Scheduled to go to the United Nations as the UK Legal Adviser and at the same time offered the job of Governor of the Turks and Caicos Islands David was also asked if he would take over as Legal Director of the Security and Intelligence Agencies, MI5 and MI6 which he accepted.

The European Court on Human Rights was considering the Leander case which had serious implications for the Agencies which at that time acted under Royal Prerogative. He was instrumental in introducing the Security Service Act 1989, the Official Secrets Act 1989 and the Intelligence Services Act 1994. This base plate legislation allowed David to introduce procedures to convert intelligence into evidence whist preserving the rights of the accused to a fair trial. This required the officers operating in dangerous circumstances to make a log of their activities for court proceedings. They were responsible for many successful prosecutions of suspected terrorists. These procedures were approved by Sir Richard Scott in his Scott Report of 1992. David introduced regulations for the running and oversight of agents so as to ensure compliance with the agencies’ legislation. 

As part of opening up the Agencies David was appointed to liaise with the Press. David says of his time dealing with the Press and Media that he met with tough questioning but always fair practice. He also set up liaison with the Legal Director of Liberty, the now Baroness Chakrabarti whose advice was invaluable, particularly on the balance of rights between the Agencies and the public.


David had been closely involved in the USA and was invited to be Visiting Professor at Cleveland State University whilst looking into future legal developments to combat terrorism and moneylaundering. There he taught mature students International Human Rights as well as Counter Terrorism. Lively and bright, they kept him on his toes. This resulted in a realisation that these issues needed a wider audience. He was first invited to give evidence on future responses to terrorism to the US Foreign Relations Committee in Washington and became an honorary member of the American Bar Association, contributing to many of their Conferences. He subsequently gave evidence to the UK Parliament Select Committee and the Committee of Privy Counsellors making recommendations for greater oversight of the Agencies, a public face for the Directors of the Agencies and to allow the Agencies wider powers to tackle organised crime, including terrorism. He was surprised to find that the 15 year old Prince William had attended the hearing –  no doubt a disappointing episode for someone expecting to see James Bond. At the Cambridge Symposium on Economic Crime David was the first to attack the UK Dependent Territory tax havens for aiding crime which resulted in greater openness and co-operation with third states.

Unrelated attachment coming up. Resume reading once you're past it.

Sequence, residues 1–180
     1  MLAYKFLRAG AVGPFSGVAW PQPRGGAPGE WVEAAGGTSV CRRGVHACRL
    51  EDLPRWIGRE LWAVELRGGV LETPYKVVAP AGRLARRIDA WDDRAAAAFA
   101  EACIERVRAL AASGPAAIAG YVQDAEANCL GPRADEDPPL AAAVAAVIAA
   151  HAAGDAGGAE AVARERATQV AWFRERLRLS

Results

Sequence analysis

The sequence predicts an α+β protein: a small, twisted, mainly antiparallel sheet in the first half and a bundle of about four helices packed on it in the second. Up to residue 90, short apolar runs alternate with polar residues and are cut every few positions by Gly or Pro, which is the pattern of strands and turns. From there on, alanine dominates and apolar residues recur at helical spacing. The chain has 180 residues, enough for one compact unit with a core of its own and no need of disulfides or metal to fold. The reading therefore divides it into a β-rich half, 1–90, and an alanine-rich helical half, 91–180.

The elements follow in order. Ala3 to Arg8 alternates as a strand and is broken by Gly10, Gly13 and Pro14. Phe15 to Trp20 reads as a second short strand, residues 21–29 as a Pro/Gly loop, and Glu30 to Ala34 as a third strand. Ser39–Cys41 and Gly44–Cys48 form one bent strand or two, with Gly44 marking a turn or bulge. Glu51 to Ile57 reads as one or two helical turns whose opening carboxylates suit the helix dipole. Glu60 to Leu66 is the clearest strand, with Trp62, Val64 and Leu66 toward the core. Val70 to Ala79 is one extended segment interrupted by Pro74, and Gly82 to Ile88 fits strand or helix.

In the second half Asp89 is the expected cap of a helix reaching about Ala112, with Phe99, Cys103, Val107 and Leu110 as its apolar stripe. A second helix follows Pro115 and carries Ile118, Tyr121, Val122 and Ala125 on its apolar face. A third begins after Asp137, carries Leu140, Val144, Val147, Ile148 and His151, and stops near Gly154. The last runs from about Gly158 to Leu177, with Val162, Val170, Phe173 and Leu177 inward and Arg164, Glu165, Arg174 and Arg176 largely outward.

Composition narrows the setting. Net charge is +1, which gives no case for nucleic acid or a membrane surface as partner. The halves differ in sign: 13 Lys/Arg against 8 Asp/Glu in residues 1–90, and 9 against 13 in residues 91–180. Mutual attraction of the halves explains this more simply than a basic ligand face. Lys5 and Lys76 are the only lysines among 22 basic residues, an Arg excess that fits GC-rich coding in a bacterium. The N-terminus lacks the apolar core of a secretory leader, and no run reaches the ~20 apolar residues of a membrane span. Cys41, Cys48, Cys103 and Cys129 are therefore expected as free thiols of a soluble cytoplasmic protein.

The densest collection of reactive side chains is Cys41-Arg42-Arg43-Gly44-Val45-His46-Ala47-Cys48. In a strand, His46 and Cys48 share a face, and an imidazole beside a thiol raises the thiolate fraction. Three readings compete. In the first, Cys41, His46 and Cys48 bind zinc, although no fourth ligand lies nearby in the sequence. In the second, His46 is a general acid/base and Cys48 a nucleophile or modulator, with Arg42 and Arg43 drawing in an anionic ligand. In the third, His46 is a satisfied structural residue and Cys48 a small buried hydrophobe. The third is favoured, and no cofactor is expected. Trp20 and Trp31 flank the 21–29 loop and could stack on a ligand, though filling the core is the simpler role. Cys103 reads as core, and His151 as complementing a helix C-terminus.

He is the author of many papers including State Secrecy and Transparency; Law Enforcement and Intelligence in a New Era; The Hutton Enquiry, The case for Select Committee Oversight; The War on Terrorism, Role of the International Community;  

He spoke to the Cambridge Economic Crime Symposium advocating Judicial oversight of intrusive surveillance by the Intelligence Agencies. He was then invited to speak to the EU Parliament Libe Committee on Democratic Oversight of Intelligence Services in the European Union where he advocated the French system of examining judges to oversee the work of the Agencies. He was subsequently invited to give evidence to the UK Commons Select Committee on Covert Surveillance. David was invited by the United Nations to deliver a series of lectures. 

He was a consultant  to the Commonwealth Institute, the Cayman Islands, Mauritius and other offshore finance centres on countering moneylaundering. At this time, he was introduced to computer software to track suspicious transactions in financial institutions based on the Dutch system. He believes that further development in this area, particularly by the use of Artificial Intelligence, will greatly reduce the problems, both reliability and administrative, of Know Your Customer. 

He has given many interviews to the Press and TV. He was the first intelligence officer to appear on BBC World News Hard Talk.  This first was also followed by interviews in amongst others the Night and Day Sunday Times magazine and Cosmopolitan Magazine, thus opening the way for a more public face for senior Intelligence officers.



David and Cary were travelling to London on a long-distance flight from a speaking conference in San Francisco. They were talking about their travels and their experiences and saying how they sounded like a thriller. So was born The Face of Tomorrow which became a best seller in the UK for Borders Books and is seen as a thriller that predicted the Arab Spring. This led to a film option in the States. He wrote two more scripts, one optioned by a production company in London for the BBC. 

Katya is one of a series of five.